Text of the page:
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Peripheral Chemoreflex Control of Sympathetic Nerve Activity

  • W.-X. Huang
  • S. Lahiri
  • C. Di Giulio
  • A. Mokashi
  • A. K. Sherpa
  • Q. He

Abstract

The rhythmicity of sympathetic neurons and nerves has been studied extensively since 1930’s (Adrian et al., 1932; Koizumi et al., 1971; Gootman and Cohen, 1974; Trzebski et al., 1975; Preiss et al., 1975; Barman and Gebber, 1976; Bachoo and Polosa, 1987). Parallel activities of phrenic nerve (PN) and cervical preganglionic sympathetic nerve (PSN) led to the belief that central respiratory drive generates both the rhythms and that PSN chemoreflex is dependent on the respiratory neuronal network (Bachoo and Polosa, 1987). Accordingly, PSN activity would not be elicited or augmented by carotid chemoreflex in the absence of PN activity (between PN bursts and during hypocapnic apnea). It is possible that the PSN activity during expiratory phase is due to expiratory neuron activity (Bachoo and Polosa, 1986) and that PSN response during apnea depends on expiratory activity, since expiratory neurons often fire continuously during hypocapnic apnea in the cat (Nesland and Plum, 1965; Batsel, 1967; Cohen, 1968; Sears et al., 1982). The possibility was strengthened by the observation that the PSN rhythmic activity correlated with the expiratory activity in the rat (Czyzyk et al., 1987). Also, other respiration-related brain-stem neurons could mediate the PSN chemoreflex response. Hypoglossal nerve (HGN) activity was reported to be preferentially responsive to hypoxia than PN (Bruce et al., 1982). Accordingly, the possibility that PSN activity is dependent on HGN activity needs to be tested.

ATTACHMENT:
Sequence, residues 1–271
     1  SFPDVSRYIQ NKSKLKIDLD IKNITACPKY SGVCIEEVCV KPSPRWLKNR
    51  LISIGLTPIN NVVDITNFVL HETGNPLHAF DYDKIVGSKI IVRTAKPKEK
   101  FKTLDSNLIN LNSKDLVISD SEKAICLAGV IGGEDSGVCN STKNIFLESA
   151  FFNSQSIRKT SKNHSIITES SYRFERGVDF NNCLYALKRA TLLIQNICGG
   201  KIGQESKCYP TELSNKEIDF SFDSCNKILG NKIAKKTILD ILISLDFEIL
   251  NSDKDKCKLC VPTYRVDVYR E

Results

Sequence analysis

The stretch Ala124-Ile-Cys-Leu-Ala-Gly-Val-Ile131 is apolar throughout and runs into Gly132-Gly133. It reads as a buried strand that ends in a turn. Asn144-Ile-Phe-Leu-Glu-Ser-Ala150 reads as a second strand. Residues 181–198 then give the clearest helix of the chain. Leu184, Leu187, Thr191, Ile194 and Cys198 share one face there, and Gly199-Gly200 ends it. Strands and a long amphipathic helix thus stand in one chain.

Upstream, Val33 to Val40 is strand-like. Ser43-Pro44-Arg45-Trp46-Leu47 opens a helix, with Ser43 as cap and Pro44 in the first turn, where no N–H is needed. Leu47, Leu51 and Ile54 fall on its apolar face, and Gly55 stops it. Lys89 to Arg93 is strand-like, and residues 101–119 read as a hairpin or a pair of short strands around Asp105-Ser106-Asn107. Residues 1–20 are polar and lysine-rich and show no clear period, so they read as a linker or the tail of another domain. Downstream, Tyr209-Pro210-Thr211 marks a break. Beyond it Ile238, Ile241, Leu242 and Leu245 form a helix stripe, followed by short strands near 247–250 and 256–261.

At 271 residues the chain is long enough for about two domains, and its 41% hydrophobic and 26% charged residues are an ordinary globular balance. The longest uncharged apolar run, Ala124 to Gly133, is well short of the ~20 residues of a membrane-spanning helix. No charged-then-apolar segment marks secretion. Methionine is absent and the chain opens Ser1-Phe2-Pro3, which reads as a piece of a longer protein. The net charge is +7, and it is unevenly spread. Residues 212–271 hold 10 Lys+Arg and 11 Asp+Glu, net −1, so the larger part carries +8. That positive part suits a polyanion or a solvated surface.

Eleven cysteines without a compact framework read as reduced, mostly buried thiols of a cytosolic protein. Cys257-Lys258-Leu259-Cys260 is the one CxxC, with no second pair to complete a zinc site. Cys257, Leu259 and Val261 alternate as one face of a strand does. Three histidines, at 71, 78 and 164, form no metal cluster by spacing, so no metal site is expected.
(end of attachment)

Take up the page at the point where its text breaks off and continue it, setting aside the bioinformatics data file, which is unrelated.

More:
Keywords

Phrenic Nerve Sympathetic Nerve Activity Sympathetic Neuron Respiratory Neuron Carotid Sinus Nerve 
These keywords were added by machine and not by the authors. This process is experimental and the keywords may be updated as the learning algorithm improves.

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Copyright information

© Plenum Press, New York 1990

Authors and Affiliations

  • W.-X. Huang
    • 1
  • S. Lahiri
    • 1
  • C. Di Giulio
    • 1
  • A. Mokashi
    • 1
  • A. K. Sherpa
    • 1
  • Q. He
    • 1
  1. 1.Department of PhysiologyUniversity of Pennsylvania School of Medicine PhiladelphiaUSA

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